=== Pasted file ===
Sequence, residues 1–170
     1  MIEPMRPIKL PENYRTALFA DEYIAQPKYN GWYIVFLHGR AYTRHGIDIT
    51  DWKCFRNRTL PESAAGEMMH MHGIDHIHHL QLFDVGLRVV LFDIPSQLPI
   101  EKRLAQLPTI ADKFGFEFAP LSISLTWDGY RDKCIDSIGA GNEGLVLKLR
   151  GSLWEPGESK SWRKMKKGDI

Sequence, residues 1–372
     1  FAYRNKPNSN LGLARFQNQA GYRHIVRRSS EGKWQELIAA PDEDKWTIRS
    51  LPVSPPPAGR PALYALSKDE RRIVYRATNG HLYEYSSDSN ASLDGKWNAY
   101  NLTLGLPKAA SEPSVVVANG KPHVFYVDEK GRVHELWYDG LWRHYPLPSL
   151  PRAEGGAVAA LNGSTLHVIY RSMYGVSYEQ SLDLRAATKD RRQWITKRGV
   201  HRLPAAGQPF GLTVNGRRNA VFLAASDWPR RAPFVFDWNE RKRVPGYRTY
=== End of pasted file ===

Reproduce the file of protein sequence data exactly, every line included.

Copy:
Sequence, residues 1–170
     1  MIEPMRPIKL PENYRTALFA DEYIAQPKYN GWYIVFLHGR AYTRHGIDIT
    51  DWKCFRNRTL PESAAGEMMH MHGIDHIHHL QLFDVGLRVV LFDIPSQLPI
   101  EKRLAQLPTI ADKFGFEFAP LSISLTWDGY RDKCIDSIGA GNEGLVLKLR
   151  GSLWEPGESK SWRKMKKGDI

Sequence, residues 1–372
     1  FAYRNKPNSN LGLARFQNQA GYRHIVRRSS EGKWQELIAA PDEDKWTIRS
    51  LPVSPPPAGR PALYALSKDE RRIVYRATNG HLYEYSSDSN ASLDGKWNAY
   101  NLTLGLPKAA SEPSVVVANG KPHVFYVDEK GRVHELWYDG LWRHYPLPSL
   151  PRAEGGAVAA LNGSTLHVIY RSMYGVSYEQ SLDLRAATKD RRQWITKRGV
   201  HRLPAAGQPF GLTVNGRRNA VFLAASDWPR RAPFVFDWNE RKRVPGYRTY